The Military to American Youth: You Belong to Me

The U.S. military needs more than just money in its annual budget. It needs access to America’s young people as well — their wallets, their bodies, and their minds. ...

Financial Fairness at Risk With Proposed TD Bank-First Horizon Merger

As banks grow larger through mergers and focus on growing online and mobile services, serious concerns emerge on how fair and how accessible banking will be to traditionally underserved Black and Latino communities. ...

AFRICAN AMERICANS IN THE NEWS

Trial of elderly Rwanda genocide suspect opens at UN court

THE HAGUE, Netherlands (AP) — A frail 87-year-old Rwandan accused of encouraging and bankrolling the country's 1994 genocide refused to attend the opening of his trial at a United Nations tribunal Thursday, nearly three decades after the 100-day massacre left 800,000 dead. Félicien...

Biden, Harris to attend Jackson's Supreme Court investiture

WASHINGTON (AP) — President Joe Biden, Vice President Kamala Harris and their spouses will attend the ceremonial investiture for Justice Ketanji Brown Jackson, the Supreme Court’s newest member and its first Black female justice, a White House official said. The appearance of...

1st civil trial over Portland cops’ use of force begins

PORTLAND, Ore. (AP) — The first civil suit alleging Portland police used excessive violence against a 2020 racial justice demonstrator opened Tuesday before a jury in Multnomah County Circuit Court. Civil rights attorneys are paying close attention because the outcome could answer...

ENTERTAINMENT

Billy Eichner made a great rom-com. Now its audiences' turn.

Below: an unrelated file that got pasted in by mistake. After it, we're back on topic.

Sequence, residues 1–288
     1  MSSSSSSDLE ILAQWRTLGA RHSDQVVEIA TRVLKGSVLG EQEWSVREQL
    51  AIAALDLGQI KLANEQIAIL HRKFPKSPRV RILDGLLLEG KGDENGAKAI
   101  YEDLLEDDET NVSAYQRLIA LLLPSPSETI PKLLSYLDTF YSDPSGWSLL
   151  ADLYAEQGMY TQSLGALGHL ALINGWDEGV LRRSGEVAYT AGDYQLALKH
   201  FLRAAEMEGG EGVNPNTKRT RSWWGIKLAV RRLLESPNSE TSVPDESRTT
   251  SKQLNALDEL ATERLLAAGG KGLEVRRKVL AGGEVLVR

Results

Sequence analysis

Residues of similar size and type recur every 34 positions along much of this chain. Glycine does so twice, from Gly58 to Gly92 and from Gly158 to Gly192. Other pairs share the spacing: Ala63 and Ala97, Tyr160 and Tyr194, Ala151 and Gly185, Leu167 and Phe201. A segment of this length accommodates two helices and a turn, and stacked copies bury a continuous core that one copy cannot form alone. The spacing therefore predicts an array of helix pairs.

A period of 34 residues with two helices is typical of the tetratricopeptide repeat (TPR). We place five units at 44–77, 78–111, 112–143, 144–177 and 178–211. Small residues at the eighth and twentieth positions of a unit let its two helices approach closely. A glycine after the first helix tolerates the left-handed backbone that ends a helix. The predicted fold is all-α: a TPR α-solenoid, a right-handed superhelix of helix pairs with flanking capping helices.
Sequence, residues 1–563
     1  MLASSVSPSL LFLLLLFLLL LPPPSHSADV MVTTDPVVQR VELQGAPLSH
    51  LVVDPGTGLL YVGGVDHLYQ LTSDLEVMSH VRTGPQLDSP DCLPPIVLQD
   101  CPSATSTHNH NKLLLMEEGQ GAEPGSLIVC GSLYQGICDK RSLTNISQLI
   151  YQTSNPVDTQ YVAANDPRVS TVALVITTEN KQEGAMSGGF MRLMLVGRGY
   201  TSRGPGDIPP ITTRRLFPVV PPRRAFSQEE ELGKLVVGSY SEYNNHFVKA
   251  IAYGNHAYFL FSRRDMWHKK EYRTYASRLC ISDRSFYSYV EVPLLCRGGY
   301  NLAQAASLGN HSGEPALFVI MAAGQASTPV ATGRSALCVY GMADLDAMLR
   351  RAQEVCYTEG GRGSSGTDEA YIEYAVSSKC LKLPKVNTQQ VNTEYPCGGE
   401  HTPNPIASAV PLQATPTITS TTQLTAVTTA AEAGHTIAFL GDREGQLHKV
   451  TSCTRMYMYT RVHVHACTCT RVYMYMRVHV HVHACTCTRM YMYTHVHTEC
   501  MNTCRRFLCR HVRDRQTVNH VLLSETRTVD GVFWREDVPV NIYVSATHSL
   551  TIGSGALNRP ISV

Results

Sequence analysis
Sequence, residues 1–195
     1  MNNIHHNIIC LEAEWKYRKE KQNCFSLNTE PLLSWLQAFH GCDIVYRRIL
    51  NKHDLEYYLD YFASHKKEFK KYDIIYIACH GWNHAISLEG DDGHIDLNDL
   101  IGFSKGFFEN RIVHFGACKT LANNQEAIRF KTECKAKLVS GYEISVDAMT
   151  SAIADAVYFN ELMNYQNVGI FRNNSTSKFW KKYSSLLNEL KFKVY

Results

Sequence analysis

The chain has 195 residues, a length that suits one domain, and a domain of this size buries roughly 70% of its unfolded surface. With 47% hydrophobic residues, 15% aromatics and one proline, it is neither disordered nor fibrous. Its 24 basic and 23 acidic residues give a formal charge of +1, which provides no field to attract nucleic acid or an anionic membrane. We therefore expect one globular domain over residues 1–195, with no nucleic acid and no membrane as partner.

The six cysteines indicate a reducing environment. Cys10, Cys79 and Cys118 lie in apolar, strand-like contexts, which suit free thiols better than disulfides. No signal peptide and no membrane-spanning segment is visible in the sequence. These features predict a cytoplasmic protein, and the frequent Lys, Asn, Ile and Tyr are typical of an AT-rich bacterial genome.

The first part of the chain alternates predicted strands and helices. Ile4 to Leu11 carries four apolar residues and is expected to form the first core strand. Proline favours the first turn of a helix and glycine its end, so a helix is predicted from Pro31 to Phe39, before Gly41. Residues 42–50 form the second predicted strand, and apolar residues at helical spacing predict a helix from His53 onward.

NEW YORK (AP) — At the Toronto International Film Festival world premiere of “Bros,” Billy Eichner exhorted the crowd to keep cheering. “Keep it going!” implored Eichner. “I want a longer ovation than ‘The Whale! ’” In the whistle-stop lead-up to the...

Model fearing Myanmar military heads to asylum in Canada

BANGKOK (AP) — A fashion model from Myanmar who feared being arrested by the country's military government if she was forced back home from exile has arrived in Canada, which she says has granted her asylum. Thaw Nandar Aung, also known as Han Lay, left on a flight from Bangkok’s...

Review: Keith Jarrett at his peak on ‘Bordeaux Concert’

“Bordeaux Concert,” Keith Jarrett (ECM Records) When Keith Jarrett gently strikes the final note on the opening piece of “Bordeaux Concert,” 15 seconds pass before concertgoers begin to applaud, taking time to savor what they just heard. New music from our...

U.S. & WORLD NEWS

Chinese tycoon Richard Liu faces civil trial in alleged rape

MINNEAPOLIS (AP) — A Chinese billionaire, one of the richest people in the world, is heading to trial in...

In sacred Brazil dunes, critics see evangelical encroachment

SALVADOR, Brazil (AP) — The vast blanket of white sand overlooking Salvador is a place to escape rumbling...

Friend or foe? Japan-China ties complicated after 50 years

TOKYO (AP) — Friend or foe? Or both? On the streets of Tokyo and Beijing, the ties between Japan and China...

Trial of elderly Rwanda genocide suspect opens at UN court

THE HAGUE, Netherlands (AP) — A frail 87-year-old Rwandan accused of encouraging and bankrolling the country's...

4th leak reported on Nord Stream pipelines in Baltic Sea

STOCKHOLM (AP) — A fourth leak on the Nord Stream pipelines has been reported off southern Sweden, the Swedish...